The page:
Attachment By D.I Jolly
“Oh man, and then there was that girl, do you remember? What was her name?”
“Yeah, Janet that’s right. I swear you could light cigarettes off her, she was HOT! Last night was epic!”
Johnny sat for a moment smiling at his friend, waiting patiently for the inevitable realisation and after a few minutes, it arrived. Josh’s face changed in its usual subtle way, his eyes unfocused and refocused and looked at his friend questioningly.
“But it wasn’t last night, was it?”
“No, that particular party was about sixty years ago.”
“Sixty years, how, how is that possible we still look the same?”
Johnny let out a little chuckle.
“No my friend, we don’t.”
Josh looked down and for a moment saw himself, not as he was but how he used to be. But then his vision shifted and suddenly an old man sat there.
“Oh my God, but, how? what happened?”
“We got old is what happened. We continued to live together for far too long but eventually got our lives together. You got married had some kids, I didn’t get married but also had some kids and we drifted into life. Coming together from time to time. Then as we settled into the final stages of life we decided to move in here and end life the way it started, together.”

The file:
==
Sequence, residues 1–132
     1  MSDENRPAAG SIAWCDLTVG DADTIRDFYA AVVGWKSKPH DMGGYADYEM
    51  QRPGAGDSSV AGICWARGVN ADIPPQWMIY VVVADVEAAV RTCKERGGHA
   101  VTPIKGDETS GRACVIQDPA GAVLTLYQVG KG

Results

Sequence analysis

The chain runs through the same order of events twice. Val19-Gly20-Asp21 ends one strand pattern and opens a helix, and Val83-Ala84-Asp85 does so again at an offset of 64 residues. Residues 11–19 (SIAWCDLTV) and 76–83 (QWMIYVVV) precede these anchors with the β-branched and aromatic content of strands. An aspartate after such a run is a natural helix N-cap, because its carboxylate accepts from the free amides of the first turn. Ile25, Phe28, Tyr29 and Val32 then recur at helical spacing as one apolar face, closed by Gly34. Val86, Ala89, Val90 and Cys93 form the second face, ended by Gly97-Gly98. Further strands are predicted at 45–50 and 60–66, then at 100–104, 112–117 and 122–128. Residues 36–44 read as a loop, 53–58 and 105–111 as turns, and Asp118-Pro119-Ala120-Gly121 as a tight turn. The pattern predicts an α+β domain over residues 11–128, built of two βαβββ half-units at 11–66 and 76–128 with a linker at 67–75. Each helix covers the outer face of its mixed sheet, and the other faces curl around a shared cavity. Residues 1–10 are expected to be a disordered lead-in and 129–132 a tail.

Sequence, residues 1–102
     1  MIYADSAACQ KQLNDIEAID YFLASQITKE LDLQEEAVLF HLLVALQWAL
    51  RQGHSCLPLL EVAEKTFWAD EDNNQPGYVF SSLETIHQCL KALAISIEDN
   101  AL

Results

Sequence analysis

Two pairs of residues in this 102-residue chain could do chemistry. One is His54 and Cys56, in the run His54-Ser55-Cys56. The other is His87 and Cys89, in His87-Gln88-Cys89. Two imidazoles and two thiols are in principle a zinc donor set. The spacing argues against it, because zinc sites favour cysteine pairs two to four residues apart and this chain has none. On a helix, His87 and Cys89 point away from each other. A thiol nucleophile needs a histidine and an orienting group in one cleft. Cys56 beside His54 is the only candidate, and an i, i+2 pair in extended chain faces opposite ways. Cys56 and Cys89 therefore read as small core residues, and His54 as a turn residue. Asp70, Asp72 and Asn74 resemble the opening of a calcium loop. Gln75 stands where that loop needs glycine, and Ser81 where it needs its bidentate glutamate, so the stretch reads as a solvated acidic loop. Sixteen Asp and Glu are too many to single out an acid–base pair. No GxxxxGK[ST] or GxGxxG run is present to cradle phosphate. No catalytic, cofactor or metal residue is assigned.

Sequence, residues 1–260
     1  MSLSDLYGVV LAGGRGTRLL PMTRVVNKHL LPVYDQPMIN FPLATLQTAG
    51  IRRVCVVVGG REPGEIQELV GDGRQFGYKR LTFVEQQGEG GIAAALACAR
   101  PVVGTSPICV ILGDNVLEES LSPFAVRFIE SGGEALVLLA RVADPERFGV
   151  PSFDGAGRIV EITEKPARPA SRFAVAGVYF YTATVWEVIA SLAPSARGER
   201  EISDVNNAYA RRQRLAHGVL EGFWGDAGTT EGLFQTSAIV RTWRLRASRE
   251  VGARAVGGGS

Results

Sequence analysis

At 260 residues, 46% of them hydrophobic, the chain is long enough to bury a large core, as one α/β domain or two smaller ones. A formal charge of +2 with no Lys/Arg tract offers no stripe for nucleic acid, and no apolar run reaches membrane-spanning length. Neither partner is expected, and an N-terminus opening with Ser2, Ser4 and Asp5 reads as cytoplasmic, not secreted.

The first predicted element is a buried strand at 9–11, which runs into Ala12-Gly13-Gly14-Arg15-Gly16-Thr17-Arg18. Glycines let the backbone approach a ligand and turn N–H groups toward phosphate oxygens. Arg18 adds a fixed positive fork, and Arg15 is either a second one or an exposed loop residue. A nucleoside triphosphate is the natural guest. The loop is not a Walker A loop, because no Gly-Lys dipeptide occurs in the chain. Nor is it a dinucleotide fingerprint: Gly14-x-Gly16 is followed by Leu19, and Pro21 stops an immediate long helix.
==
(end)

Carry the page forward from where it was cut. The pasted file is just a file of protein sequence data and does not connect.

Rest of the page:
As he spoke Josh watched his friend age from the young man at the party to the old man he was now.
“I really got married?”
“Yeah, to Janet actually, I think that’s why you always remember that party so clearly. It was one of the last we attended while living together.”
“But where, where is she? What happened to her and my kids?”
Johnny pointed across the room at an old woman quietly reading a book and smiled, Josh recognised her instantly and his face lit up.
“And my kids?”
“They’ll probably visit on Thursday, that’s normally when they come round.”
“And your kids?”
“Also Thursday, it’s visitor’s day, besides, your son married my daughter.”
Josh’s mind flashed with memories of getting drunk at a wedding.
“Why, why don’t I remember these things?”
“We’re 89 years old. We forget things. But not always, and you always come back with a little encouragement.”
Josh smiled at his friend and remembered a little more, remembered grandchildren sitting on a couch playing video games talking about moving into a house together and growing old together. He remembered how happy he was when they all moved into the care home and how now that they were old, it was acceptable to sit on the couch all day and sleep until the afternoon. And he remembered pumpkin soup.